Lent made simple (and tasty) with Fair Trade

Catholic Relief Services is urging us to think and trade fairly this Lent, this Easter, and always

When the Lenten thing to do involves chocolate and coffee, it may not mean giving them up. Instead you should buy them (even if you don’t consume them right away) from Fair Trade markets. This goes for your Easter planning, too. If you’re planning to give away and eat lots of chocolate come March 27th, buy Fair Trade options.

That's the message of Catholic Relief Services—the relief agency of the bishops of the United States—and it may be one of the most practical and long-overdue Lenten messages in recent memory. When sacrificing for spiritual purposes, try to keep it from turning into an unplanned sacrifice for others. When exploring how to live more charitably, give some thought to how and what you purchase, and where it all comes from.

Then do the same thing all year.

The concept of Fair Trade may be new for many of us. That needs to change. Purchasing from Fair Trade markets, as CRS urges and supports us to do, encourages economic markets that:

  • Pay a fair wage in the local context
  • Offer employees opportunities for advancement
  • Provide equal employment opportunities for all people, particularly the most disadvantaged
  • Care for God’s creation by engaging in environmentally sustainable practices
  • Are open to public accountability
  • Build long-term trade relationships so that workers can plan their futures
  • Provide healthy and safe working conditions within the local context
  • Provide financial and technical assistance to producers whenever possible

I spoke with Simone Blanchard last week about all this. Simone heads up efforts at CRS to get us thinking fairly about the trade we engage in. She explains these efforts in her recent post about the topic. I’d encourage you to read and share it with your parish.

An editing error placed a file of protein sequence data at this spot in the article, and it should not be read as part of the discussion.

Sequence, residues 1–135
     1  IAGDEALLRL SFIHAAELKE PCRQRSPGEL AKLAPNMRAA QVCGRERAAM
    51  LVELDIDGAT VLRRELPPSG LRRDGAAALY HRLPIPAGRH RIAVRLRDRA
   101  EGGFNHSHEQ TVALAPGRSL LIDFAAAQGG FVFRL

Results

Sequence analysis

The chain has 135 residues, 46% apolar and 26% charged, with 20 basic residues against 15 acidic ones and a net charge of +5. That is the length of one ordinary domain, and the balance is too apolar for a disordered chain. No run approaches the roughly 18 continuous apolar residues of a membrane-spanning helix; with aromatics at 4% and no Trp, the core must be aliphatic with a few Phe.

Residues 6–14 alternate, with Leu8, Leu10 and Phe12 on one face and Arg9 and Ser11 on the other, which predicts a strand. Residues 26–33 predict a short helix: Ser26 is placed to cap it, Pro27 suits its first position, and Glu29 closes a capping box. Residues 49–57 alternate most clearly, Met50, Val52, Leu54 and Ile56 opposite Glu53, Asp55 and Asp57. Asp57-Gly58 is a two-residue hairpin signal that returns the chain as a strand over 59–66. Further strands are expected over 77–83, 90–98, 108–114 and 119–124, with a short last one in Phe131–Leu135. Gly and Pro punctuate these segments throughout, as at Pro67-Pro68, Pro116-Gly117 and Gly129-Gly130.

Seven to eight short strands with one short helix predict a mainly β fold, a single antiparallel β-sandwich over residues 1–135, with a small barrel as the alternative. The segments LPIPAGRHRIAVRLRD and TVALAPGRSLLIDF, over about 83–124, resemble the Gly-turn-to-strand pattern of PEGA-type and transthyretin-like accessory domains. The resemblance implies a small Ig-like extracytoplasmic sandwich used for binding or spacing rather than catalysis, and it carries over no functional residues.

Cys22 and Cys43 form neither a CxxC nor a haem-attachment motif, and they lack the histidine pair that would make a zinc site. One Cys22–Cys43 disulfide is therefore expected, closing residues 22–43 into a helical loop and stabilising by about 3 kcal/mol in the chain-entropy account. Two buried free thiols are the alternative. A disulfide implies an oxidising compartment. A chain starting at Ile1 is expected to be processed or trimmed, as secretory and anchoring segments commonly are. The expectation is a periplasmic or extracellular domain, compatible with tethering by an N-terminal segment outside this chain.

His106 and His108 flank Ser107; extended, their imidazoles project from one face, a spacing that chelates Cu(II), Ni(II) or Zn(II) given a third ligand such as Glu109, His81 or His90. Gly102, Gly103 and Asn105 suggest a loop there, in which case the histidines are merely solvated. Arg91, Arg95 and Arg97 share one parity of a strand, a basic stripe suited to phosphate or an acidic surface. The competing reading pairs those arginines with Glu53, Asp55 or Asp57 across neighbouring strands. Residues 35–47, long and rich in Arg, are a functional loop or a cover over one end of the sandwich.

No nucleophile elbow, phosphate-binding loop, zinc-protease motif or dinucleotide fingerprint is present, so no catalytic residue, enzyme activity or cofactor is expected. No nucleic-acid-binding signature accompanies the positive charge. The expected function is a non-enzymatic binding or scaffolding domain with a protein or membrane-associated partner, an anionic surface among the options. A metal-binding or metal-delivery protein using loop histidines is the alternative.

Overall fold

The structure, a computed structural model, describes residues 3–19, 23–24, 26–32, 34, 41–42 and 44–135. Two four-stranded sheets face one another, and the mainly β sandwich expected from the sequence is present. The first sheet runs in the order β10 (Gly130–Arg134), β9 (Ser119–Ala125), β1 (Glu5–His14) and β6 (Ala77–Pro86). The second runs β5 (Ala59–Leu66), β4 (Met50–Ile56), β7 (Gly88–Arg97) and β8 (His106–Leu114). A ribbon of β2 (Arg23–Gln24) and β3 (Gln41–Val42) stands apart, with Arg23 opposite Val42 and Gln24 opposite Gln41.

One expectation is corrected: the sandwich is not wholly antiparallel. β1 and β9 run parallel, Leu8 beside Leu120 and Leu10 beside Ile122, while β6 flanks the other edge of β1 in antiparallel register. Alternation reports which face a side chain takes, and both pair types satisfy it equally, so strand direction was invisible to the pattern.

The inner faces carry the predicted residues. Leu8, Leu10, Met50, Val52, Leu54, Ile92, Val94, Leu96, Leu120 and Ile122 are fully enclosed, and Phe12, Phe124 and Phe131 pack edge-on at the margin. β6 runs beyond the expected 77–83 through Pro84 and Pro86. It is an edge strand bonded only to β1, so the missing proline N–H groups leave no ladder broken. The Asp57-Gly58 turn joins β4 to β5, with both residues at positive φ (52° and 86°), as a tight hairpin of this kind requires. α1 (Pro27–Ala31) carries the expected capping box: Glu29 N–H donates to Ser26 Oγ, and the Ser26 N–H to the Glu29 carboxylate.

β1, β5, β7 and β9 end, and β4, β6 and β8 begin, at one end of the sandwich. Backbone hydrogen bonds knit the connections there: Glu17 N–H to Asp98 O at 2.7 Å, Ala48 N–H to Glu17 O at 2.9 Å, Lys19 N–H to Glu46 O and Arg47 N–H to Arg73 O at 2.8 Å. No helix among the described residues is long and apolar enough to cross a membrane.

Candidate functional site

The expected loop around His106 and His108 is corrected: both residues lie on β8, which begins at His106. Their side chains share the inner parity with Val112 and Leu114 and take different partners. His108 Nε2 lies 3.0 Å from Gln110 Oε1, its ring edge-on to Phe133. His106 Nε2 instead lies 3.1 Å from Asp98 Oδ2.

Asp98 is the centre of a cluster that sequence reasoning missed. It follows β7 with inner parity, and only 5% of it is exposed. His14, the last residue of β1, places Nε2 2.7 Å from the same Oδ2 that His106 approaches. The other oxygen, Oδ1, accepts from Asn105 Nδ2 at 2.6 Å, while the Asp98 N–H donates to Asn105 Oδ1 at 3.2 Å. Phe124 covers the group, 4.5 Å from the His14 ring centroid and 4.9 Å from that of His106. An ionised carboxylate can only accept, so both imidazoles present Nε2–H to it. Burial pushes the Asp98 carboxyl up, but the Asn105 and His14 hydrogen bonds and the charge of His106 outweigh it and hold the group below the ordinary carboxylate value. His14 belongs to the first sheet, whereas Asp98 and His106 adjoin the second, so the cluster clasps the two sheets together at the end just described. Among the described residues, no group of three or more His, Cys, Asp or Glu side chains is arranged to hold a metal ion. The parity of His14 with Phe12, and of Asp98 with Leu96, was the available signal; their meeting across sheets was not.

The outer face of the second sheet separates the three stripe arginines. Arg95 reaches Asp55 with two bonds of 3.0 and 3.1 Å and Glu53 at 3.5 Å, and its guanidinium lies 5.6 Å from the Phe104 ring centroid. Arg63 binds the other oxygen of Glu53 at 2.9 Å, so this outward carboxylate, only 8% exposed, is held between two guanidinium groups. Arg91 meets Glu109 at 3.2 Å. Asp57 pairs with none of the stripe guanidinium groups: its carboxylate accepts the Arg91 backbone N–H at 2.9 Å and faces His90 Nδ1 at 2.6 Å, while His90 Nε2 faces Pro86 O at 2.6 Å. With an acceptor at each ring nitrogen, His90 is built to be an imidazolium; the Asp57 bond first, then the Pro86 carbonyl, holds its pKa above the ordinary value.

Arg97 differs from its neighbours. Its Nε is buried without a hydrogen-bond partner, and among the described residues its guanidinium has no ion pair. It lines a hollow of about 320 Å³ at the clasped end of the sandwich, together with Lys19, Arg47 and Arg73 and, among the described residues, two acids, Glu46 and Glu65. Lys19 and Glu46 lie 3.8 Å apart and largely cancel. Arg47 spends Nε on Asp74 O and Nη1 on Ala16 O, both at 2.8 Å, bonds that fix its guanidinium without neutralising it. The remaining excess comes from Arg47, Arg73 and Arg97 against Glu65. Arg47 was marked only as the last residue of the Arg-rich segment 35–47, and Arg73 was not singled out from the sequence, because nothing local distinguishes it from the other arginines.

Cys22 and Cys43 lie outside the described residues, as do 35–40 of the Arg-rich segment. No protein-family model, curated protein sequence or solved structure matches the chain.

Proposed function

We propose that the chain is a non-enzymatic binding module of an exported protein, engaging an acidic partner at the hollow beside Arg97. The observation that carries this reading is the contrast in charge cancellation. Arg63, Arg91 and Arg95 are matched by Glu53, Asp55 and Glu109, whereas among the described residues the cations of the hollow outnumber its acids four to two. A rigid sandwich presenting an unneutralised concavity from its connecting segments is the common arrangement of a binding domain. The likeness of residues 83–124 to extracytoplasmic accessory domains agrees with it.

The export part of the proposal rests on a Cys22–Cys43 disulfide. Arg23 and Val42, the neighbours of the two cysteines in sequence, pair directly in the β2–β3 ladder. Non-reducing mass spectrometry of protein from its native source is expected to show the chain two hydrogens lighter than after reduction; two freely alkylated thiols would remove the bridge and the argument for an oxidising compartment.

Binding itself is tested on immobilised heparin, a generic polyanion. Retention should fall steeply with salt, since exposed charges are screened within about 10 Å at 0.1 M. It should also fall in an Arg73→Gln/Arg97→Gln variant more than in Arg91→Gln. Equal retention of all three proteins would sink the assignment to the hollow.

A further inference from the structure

Simone notes how over the years she’s met artisans and farmers who've benefited personally from Fair Trade programs and have shared those benefits with their family and community.

Fatima Ali, president of the Kuapa KoKo farmers union in Ghana, is one of the people that Simone wants us to know is out there.

By helping others in your parish support Fair Trade efforts, you’re acting with charity not just to those who made the products. You're also helping the people who buy them.

“Her farmers union produces the cocoa for Divine Chocolate. Fatima shared with me the real impact that fair trade has had on her life and the life of her community: financial independence, schooling for children, a well with clean water, and safe secure houses.”

To help people like Fatima, Simone’s suggests four ways you and your parish can help this Lent, this Easter, and always.

  1. Bring faith formation to life through reflections, prayers, and activities with a global perspective. (She offers resources to do this as well.)
  2. Host a CRS Fair Trade Consignment Sale before and after Masses.
  3. Host a CRS Fair Trade Community Order and share fair trade with your small faith community, youth group, women’s group, senior group, or other ministry.
  4. Switch to fair trade coffee through CRS partner Equal Exchange or other CRS partners in your area.

Here’s what's so brilliant about what Simone is suggesting and what CRS is doing: By helping others in your parish support Fair Trade efforts, you’re acting with charity not just to those who made the products. You're also helping the people who buy them. That's because you're helping them realize that it's easy to live out what Christ and His Church are asking of us.

Visit here for (much) more on CRS's Fair Trade efforts.

And may you all have a blessed and beneficial Lenten Season.

If you like Catholic Ecology,
you’ll love…

A Printer's Choice

The sci-fi novel with a Catholic twist.

A Printer's Choice

Learn more

About the Blog

Catholic Ecology posts my regular column in the Rhode Island Catholic, as well as scientific and theological commentary about the latest eco-news, both within and outside of the Catholic Church. What is contained herein is but one person's attempt to teach and defend the Church's teachings - ecological and otherwise. As such, I offer all contents of this blog for approval of the bishops of the Church. It is my hope that nothing herein will lead anyone astray from truth.